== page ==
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Tue, June 18

From despair to hope: Therapies help substance abusers overcome addictions

Drug offenders can change faulty beliefs and live a more satisfying life through coping skills and self-empowerment, otherwise known as moral reconation therapy.

During Thursday's MATForce/Substance Abuse Coalition meeting, Diane Bruck, founder of Choices for Youth, Families and Adults, spoke about embracing multiple treatment programs though MRT and social responsibility training.

"MRT is about community - bringing youth, adults and families together," Bruck said. "It raises the participant's level of moral reasoning from the bottom. About 98 percent of our adult participants are meth users. In children, it is underage drinking, heroin and OxyContin."

Bruck said more than 1 million people in 45 states, Australia, Japan and Canada have gone through the MRT program.

"This is not therapy, but MRT does open people up to changing behaviors," said Ben Ainsa, adult probation officer and MRT/SRT facilitator. MRT, he said, enhances on-going treatment programs by changing inappropriate belief systems, attitudes and behaviors and assessing current relationships.

The MRT profile for Yavapai County reveals that drug and alcohol abusers are typically treatment-resistant repeat offenders who are recent jail inmates held under a medium- to high-risk classification.

Bruck said currently the Adult Probation Department has 13 classes in Yavapai County, including two in the adult jail, one in juvenile detention, one for Spanish-speaking offenders, and one for former inmates in halfway houses.

MRT participants complete cognitive-behavioral exercises from a workbook suited to their level, Bruck explained.

"The classes are open-ended and delivered in a class setting to create a positive peer culture that supports accountability and positive change," she said.

Peer vote determines the satisfactory completion of steps, and all graduates have the opportunity to become peer mentors. To date, the program has 146 graduates.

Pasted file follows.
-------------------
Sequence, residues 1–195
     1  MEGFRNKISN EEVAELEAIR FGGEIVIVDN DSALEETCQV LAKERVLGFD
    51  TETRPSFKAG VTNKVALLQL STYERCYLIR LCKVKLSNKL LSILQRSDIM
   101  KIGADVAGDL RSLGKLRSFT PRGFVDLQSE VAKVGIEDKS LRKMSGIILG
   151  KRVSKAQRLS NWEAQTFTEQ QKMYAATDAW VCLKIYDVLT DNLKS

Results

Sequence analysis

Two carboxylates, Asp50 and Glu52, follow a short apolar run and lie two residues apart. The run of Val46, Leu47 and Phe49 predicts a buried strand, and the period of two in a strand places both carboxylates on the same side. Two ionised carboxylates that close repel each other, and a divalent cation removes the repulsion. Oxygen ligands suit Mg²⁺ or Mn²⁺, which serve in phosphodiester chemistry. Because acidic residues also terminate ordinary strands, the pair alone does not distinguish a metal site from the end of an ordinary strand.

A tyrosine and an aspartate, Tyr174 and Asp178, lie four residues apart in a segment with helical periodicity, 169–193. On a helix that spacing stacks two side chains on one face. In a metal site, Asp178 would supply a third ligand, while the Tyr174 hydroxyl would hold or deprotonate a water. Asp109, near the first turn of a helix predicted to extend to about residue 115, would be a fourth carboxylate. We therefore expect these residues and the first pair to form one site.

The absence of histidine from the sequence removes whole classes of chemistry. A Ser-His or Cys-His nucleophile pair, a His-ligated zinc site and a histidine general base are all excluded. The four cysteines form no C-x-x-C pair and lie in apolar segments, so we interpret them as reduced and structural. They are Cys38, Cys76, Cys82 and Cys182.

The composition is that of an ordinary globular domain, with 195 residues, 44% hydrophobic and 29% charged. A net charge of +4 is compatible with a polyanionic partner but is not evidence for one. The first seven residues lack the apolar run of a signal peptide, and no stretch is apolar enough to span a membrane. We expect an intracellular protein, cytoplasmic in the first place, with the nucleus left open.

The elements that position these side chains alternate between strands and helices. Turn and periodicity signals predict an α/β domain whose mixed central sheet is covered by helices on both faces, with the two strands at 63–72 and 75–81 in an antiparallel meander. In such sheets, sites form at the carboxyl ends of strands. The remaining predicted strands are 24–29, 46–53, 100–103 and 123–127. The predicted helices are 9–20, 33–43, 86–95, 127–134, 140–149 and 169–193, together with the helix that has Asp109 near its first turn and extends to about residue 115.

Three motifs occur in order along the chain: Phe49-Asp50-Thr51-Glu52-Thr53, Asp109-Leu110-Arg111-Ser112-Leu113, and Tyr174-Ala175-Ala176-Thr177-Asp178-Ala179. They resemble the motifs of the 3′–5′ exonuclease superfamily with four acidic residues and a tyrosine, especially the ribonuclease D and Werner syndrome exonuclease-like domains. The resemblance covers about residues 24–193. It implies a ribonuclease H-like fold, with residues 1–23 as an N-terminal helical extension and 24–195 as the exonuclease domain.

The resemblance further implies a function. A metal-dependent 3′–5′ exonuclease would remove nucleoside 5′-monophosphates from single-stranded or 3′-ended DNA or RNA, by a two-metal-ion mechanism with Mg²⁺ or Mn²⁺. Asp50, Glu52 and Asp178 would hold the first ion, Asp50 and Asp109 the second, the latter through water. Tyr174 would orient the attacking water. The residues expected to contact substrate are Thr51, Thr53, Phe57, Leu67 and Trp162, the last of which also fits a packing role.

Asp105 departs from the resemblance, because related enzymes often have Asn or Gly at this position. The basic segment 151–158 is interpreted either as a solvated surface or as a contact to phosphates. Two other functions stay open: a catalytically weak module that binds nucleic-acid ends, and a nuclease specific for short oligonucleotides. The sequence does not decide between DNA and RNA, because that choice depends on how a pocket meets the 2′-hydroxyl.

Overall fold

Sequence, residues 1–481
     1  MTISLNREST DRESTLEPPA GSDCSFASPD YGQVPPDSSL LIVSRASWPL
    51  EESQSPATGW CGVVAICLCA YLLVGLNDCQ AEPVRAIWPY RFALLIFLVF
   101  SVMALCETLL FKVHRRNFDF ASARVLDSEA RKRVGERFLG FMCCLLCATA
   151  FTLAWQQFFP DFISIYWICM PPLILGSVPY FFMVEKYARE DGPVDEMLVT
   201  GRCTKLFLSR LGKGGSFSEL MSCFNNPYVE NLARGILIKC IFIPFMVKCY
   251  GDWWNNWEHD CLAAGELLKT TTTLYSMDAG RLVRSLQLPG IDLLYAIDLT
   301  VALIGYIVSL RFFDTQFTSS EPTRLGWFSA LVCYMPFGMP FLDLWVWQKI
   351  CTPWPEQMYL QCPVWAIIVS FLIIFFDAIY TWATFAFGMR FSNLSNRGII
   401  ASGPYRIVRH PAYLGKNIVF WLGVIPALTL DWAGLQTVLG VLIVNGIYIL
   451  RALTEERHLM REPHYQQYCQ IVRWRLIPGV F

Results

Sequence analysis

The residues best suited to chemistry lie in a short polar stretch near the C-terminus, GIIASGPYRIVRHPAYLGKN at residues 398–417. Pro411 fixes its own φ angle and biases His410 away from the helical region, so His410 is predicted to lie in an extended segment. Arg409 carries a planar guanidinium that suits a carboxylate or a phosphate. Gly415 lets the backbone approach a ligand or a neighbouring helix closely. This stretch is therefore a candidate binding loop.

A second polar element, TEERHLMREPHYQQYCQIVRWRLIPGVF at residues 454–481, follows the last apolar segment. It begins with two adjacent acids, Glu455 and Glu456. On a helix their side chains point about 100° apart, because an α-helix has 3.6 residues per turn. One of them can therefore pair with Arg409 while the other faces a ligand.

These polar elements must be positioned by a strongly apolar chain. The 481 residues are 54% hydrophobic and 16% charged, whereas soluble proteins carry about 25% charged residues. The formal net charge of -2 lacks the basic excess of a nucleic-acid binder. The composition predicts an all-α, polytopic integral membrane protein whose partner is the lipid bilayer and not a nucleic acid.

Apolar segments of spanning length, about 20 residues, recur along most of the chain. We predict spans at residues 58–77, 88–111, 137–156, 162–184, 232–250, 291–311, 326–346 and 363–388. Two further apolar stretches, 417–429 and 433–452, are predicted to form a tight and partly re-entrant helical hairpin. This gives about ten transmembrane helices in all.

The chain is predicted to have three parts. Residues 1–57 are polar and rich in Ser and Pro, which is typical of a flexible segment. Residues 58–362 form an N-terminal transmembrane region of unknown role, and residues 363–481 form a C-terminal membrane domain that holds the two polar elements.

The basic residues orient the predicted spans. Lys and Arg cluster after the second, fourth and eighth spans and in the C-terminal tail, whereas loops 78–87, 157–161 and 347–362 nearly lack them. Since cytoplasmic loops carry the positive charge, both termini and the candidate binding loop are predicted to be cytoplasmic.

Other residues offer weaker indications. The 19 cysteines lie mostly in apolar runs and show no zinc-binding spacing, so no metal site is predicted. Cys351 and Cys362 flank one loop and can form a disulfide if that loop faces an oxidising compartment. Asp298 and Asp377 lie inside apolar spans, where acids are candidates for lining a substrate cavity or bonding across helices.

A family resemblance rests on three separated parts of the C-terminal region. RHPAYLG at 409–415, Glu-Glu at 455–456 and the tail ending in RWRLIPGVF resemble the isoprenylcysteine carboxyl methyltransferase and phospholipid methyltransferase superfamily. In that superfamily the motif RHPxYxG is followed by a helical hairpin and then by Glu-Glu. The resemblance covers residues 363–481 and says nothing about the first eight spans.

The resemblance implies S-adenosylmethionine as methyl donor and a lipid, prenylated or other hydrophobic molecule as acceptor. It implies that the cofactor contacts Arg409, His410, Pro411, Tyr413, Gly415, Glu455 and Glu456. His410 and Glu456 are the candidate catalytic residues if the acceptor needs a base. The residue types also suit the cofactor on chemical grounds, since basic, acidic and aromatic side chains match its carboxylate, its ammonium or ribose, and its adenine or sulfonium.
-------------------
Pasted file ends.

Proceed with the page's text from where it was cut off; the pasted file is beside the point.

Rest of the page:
"I can see a change in attitude from when participants first start the class - which is resistance - and watch it evolve. You can see when the light comes on in their eyes," said Jack Berry, adult probation officer in Black Canyon City. "I travel around to classes and each class has different dynamics. It is definitely amazing."

Adult Probation Officer Maria Mata started the Spanish-speaking class in February.

"I see a big change in my people as they become more accountable for their actions," she said.

Two guest speakers at the meeting were both recovering addicts and graduated from the program.

"I was a meth user and if it wasn't for this program I don't know where I'd be," one woman said. (Program organizers requested that speakers not be named.) "It helped me check my reality and re-evaluate my decisions on anything in life. The support of the group during my 12-step program was amazing and I am proud to be a part of it."

SRT is a softer approach for people with low to medium risks. Ainsa said MRT is SRT on steroids. The school-based curriculum helps students stay in school and achieve academic success.

"We have had great success with the SRT program in schools," he said. "It is considered a safe haven for students, and peers hold each other responsible."

Prescott Unified School District and Humboldt Unified School District have served 278 students, of which 202 graduated from the SRT program.

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